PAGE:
Beloved no-longer-indie game Minecraft is dabbling in all sorts of new genres. It was already re-imagined as a narrative adventure in the spinoff Minecraft: Story Mode series and, if you hadn’t heard, will be delving into dungeon crawler territory in April. Mojang developers released a new video today to talk more about co-op play and procedural levels in Minecraft Dungeons.
Game director Måns Olson says that he finds couch co-op one of the most fun ways to play Dungeons because players are encouraged to stick together and cooperate, though he doesn’t specify how. To my knowledge, Mojang haven’t yet shared how players who stray will be handled. Will the game switch to a split-screen view or will the camera zoom out to accommodate everyone?
Unlike Olson’s preference for local co-op, I already know I’ll be wrangling my friends in online multiplayer from straying too far apart. Or rather, if I’m honest, they’ll be wrangling me: the incorrigible map-clearer and loot-finder.
Senior designer Laura De Llorens explains how equipment in Minecraft Dungeons has enchantments, a system familiar to original Minecraft players. De Llorens describes it as Dungeons’ approach to “long term progression” in the game. The video shows off an enchantment that summons a trail of fire behind a player when they dodge roll away from a zombie and one that lets the player shoot a cone of three arrows simultaneously.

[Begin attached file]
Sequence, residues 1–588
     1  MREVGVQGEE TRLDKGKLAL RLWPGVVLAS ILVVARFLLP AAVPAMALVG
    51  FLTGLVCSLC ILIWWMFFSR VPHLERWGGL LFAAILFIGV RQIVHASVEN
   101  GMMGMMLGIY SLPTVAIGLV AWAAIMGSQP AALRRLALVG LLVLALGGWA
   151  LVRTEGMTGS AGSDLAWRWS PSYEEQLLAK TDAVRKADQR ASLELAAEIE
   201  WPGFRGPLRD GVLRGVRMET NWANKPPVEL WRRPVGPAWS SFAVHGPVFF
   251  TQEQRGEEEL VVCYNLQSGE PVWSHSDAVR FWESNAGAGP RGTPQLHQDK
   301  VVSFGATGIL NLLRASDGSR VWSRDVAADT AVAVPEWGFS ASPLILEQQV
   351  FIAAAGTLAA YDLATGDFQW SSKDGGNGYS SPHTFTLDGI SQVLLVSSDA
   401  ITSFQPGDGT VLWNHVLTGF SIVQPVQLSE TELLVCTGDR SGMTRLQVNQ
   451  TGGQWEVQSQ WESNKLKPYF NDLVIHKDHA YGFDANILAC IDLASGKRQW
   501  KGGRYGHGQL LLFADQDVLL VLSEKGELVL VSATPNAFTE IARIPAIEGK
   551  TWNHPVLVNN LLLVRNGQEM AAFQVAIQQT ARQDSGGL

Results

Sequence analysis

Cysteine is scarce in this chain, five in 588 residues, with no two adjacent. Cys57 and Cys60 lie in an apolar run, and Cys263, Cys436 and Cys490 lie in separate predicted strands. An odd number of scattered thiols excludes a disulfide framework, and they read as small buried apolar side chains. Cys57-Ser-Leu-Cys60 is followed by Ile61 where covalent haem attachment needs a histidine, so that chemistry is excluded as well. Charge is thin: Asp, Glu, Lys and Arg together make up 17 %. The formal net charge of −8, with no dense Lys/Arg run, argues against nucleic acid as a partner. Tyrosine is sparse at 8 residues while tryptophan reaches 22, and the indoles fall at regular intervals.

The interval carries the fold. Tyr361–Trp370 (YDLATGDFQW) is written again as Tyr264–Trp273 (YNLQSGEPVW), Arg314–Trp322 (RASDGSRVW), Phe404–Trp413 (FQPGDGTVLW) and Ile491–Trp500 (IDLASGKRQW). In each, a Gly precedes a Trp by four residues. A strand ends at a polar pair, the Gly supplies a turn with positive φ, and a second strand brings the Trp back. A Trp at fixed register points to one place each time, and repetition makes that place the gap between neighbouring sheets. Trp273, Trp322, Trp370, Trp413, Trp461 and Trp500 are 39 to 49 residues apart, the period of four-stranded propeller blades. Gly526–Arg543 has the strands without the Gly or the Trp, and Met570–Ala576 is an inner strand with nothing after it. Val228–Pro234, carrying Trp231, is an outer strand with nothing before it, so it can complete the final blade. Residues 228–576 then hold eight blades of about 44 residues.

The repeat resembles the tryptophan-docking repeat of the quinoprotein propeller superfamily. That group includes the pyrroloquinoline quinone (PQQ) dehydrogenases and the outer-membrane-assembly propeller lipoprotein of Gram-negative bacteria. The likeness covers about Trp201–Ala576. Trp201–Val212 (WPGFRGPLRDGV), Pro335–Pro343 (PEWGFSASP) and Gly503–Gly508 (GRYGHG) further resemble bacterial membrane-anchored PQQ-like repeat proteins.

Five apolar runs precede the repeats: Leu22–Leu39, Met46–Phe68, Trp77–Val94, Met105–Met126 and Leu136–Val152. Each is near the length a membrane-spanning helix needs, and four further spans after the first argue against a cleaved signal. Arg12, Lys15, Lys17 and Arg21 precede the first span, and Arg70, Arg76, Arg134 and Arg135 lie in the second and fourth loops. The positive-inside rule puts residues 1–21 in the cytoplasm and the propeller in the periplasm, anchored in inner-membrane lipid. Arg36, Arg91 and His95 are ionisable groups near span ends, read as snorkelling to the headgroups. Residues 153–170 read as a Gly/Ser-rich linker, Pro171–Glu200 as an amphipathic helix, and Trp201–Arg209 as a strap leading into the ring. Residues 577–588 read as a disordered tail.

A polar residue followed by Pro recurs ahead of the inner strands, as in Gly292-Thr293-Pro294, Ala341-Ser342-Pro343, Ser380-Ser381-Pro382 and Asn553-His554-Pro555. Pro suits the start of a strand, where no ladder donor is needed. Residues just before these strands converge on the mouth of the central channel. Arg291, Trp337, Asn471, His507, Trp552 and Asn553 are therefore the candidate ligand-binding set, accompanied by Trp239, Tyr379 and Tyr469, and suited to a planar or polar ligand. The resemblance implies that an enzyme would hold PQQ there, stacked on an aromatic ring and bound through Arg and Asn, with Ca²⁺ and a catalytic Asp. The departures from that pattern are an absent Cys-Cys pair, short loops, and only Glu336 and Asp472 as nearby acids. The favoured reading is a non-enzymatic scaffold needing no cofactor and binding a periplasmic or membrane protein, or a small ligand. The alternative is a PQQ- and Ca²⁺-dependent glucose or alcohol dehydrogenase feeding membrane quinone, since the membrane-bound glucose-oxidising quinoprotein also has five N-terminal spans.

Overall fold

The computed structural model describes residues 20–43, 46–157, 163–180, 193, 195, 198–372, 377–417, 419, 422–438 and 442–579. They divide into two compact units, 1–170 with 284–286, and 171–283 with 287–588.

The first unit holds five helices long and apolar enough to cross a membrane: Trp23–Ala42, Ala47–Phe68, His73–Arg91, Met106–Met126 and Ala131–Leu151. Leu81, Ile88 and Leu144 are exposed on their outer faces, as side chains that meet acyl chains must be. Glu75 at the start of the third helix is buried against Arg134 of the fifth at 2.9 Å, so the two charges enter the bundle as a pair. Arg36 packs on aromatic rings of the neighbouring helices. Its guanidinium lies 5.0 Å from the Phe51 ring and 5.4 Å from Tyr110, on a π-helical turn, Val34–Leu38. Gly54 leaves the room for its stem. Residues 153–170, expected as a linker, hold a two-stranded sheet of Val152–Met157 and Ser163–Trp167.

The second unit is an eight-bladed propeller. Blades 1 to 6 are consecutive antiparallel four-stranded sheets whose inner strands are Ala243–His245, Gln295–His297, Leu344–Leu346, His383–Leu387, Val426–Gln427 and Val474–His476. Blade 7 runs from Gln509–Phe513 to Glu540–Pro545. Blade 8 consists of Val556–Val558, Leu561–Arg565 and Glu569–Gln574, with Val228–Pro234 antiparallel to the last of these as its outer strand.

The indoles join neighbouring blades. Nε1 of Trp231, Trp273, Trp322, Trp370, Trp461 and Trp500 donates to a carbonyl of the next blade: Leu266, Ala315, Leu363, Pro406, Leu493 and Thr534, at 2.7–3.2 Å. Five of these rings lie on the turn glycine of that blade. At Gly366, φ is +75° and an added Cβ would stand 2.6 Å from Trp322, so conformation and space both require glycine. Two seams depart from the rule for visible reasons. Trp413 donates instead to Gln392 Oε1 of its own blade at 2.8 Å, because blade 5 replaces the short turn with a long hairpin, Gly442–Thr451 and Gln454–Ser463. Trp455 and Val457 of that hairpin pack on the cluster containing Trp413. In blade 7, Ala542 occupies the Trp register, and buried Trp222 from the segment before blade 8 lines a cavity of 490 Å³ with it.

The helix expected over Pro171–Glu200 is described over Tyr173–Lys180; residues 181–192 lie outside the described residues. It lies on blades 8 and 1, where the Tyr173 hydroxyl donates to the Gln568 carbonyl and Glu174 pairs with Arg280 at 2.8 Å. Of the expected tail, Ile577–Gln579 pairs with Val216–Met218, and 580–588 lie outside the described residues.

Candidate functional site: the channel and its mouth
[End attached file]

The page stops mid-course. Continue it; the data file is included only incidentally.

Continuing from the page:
If you pay close attention and tune out the voice-over, you can also spot some dungeon traps at play in the video. At one point a player pulls a lever to swap sets of moving walls that are likely some sort of puzzle. At another point, two walls smash together at regular intervals and will presumably crush any player inattentive enough to walk between them.
I’ve been quite jazzed for Minecraft Dungeons since it was first announced. I have fond memories of following Minecraft starting in 2010 and its greatest value to me, outside the creative potential, is how almost every one of my friends wanted to play together. I could count on at least someone showing up each night to play on our private server together—a reliable social space that I haven’t truly found in a game since those halcyon days of 2015.
I have high hopes that with a familiar setting and cooperatively-minded dungeon crawling format, Minecraft Dungeons might be able to pull my acquaintances back together from the disparate games they’ve gravitated towards.
Minecraft Dungeons will be available on the Microsoft Store and the Xbox Game Pass for PC when it comes out in April 2020.